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Thread: AMD Open-Sources Tapper

  1. #1
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    Default AMD Open-Sources Tapper

    Phoronix: AMD Open-Sources Tapper

    AMD has announced today they have open-sourced Tapper from their Operating System Research Center...

    http://www.phoronix.com/vr.php?view=OTM0OA

  2. #2
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    Default

    Sorry, OT

    You know... you really don't run an SQLite database server...

  3. #3
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    Default Why not acknowledge Phoronix?

    I guess it would be nice for the AMD folks to acknowledge the PTS in their information page for Tapper.

    And, of course, thanks AMD for contributing back ...

  4. #4

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    Quote Originally Posted by mendieta View Post
    I guess it would be nice for the AMD folks to acknowledge the PTS in their information page for Tapper.

    And, of course, thanks AMD for contributing back ...
    They aren't contributing back, this is their own incarnation of a test infrastructure from their OSRC. Doesn't make too much sense to me, but oh well.

  5. #5
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    Quote Originally Posted by Michael View Post
    They aren't contributing back, this is their own incarnation of a test infrastructure from their OSRC. Doesn't make too much sense to me, but oh well.
    Yeah you are right, contributing back would mean pushing some improvements back to Phoronix. Releasing their code is a first step, and I was referring to that, but they could become a downstream product, keep in sync, and work with you. That would be the best approach IMHO. Not only it would benefit Phoronix, it would benefit AMD, because they's inherit all your improvements all the time. This is he beauty of Open Source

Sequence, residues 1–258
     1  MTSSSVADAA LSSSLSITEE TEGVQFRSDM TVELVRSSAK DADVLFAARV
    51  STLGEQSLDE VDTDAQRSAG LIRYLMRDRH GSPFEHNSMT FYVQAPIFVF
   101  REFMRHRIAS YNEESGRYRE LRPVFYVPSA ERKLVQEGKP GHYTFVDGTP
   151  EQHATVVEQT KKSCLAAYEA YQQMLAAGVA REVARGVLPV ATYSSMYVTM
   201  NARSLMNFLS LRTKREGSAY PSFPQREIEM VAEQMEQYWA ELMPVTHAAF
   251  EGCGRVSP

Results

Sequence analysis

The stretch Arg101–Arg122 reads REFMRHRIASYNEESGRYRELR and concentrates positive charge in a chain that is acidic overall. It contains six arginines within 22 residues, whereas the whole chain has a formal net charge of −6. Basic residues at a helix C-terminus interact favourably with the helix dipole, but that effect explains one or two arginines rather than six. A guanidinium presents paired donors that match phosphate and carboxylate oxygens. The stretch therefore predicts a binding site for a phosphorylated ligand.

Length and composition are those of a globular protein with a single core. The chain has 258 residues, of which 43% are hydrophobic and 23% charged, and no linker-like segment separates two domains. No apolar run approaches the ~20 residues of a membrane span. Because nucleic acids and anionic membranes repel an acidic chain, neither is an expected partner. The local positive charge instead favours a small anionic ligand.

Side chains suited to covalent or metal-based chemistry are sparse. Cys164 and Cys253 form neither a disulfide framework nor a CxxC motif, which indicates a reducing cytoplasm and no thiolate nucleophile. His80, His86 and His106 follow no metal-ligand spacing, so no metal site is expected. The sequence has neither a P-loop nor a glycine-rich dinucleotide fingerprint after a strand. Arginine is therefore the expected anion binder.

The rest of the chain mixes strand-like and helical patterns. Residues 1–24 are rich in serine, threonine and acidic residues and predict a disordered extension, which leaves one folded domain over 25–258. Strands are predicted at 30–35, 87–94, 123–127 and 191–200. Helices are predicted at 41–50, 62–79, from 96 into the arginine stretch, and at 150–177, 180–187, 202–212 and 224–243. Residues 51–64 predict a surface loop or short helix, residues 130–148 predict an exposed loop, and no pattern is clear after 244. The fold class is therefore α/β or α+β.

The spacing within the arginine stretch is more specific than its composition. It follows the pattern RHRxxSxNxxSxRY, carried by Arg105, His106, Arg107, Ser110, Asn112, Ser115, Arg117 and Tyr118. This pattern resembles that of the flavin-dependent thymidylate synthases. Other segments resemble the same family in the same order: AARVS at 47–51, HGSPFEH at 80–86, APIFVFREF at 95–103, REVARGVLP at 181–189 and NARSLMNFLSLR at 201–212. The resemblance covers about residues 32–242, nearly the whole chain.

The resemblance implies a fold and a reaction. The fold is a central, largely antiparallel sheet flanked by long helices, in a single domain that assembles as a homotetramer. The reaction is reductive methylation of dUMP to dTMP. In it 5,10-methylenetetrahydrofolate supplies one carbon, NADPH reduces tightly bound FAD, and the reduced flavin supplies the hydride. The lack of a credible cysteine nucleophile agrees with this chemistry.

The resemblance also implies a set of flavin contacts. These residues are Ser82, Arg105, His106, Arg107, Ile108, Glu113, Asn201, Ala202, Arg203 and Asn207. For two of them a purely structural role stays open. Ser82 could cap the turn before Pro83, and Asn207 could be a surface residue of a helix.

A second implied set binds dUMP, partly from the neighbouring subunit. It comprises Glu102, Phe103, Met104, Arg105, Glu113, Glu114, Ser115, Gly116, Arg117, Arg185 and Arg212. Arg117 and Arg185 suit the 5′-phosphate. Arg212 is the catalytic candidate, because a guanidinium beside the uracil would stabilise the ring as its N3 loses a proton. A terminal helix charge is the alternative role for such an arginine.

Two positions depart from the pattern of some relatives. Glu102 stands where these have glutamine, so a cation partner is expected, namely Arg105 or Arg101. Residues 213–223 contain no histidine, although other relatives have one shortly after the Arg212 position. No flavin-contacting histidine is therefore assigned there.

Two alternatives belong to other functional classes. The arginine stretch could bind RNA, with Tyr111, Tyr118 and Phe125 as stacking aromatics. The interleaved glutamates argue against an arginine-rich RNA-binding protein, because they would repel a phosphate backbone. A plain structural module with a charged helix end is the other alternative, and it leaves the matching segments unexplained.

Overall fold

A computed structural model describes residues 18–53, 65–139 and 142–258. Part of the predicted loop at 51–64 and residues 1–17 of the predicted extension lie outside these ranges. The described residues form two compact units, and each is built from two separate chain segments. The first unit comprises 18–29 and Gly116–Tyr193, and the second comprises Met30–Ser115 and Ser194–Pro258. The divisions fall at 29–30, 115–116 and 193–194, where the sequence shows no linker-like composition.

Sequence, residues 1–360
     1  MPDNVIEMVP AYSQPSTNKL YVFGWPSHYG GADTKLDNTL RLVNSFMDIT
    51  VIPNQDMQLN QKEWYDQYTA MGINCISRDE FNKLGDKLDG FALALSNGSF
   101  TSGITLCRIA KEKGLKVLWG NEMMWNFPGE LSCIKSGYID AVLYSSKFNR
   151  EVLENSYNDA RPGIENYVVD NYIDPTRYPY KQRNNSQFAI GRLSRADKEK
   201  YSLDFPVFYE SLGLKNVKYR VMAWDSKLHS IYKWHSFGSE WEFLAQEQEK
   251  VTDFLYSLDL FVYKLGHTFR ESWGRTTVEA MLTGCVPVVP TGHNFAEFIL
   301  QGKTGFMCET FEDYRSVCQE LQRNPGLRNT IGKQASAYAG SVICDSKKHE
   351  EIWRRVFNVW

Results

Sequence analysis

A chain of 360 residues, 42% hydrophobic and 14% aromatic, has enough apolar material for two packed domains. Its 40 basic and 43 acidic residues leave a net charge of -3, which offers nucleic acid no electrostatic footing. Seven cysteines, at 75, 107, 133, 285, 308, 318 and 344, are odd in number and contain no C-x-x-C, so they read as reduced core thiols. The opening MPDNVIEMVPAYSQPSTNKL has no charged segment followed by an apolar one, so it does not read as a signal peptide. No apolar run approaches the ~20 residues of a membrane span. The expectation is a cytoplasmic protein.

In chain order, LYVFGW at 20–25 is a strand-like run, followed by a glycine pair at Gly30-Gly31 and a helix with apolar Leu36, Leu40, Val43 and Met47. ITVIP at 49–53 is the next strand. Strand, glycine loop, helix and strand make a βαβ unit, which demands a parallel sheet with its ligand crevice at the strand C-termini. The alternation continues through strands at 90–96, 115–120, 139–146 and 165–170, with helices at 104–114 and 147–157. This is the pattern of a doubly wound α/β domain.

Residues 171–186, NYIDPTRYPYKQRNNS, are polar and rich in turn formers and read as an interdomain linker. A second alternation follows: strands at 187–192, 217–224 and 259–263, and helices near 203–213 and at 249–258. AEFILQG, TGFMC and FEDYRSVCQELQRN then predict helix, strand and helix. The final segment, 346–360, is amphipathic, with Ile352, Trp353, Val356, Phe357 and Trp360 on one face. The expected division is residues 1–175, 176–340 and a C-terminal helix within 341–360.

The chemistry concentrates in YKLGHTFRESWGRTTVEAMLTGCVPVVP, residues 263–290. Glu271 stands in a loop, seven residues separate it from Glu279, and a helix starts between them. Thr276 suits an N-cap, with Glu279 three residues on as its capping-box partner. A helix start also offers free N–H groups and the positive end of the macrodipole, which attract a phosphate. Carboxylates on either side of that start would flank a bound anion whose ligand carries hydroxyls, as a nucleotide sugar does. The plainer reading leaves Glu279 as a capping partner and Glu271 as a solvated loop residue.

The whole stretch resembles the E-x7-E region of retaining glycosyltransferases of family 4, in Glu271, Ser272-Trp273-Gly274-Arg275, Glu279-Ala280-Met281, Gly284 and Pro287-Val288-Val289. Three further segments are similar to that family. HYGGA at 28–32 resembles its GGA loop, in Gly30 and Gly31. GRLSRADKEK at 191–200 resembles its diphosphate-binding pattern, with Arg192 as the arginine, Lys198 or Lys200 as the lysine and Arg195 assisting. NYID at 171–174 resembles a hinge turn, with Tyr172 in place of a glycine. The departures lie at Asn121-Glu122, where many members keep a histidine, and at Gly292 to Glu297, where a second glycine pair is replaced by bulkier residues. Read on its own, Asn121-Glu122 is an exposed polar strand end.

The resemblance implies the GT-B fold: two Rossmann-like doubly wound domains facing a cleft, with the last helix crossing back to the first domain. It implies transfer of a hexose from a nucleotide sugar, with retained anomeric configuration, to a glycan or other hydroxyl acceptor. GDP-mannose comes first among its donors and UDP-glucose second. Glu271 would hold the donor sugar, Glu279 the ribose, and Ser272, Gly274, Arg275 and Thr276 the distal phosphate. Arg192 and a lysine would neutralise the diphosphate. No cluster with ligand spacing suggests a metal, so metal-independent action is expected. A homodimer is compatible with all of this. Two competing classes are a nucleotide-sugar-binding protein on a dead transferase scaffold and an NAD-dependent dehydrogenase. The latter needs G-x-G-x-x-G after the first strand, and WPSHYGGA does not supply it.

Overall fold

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    Quote Originally Posted by mendieta View Post
    Yeah you are right, contributing back would mean pushing some improvements back to Phoronix. Releasing their code is a first step, and I was referring to that, but they could become a downstream product, keep in sync, and work with you. That would be the best approach IMHO. Not only it would benefit Phoronix, it would benefit AMD, because they's inherit all your improvements all the time. This is he beauty of Open Source
    Unless I misread something, Tapper is not in any way based on PTS... it's a completely separate project created by AMD.

  7. #7
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    I would imagine AMD had a different use-case in mind for Tapper when they started the project.

  8. #8
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    Quote Originally Posted by bhassel View Post
    Unless I misread something, Tapper is not in any way based on PTS... it's a completely separate project created by AMD.
    its the way its written in the article that is confusing.

    What is Tapper? It's basically their version of the Phoronix Test Suite and Phoromatic.
    If it was written like:

    What is Tapper? It's basically a benchmarking suite, created by AMD, similar to the Phoronix Test Suite and Phoromatic.
    it wouldn't have caused any misunderstandings.

  9. #9
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    Default Some more clarification

    Hi!

    Some comments to help understanding what Tapper really is: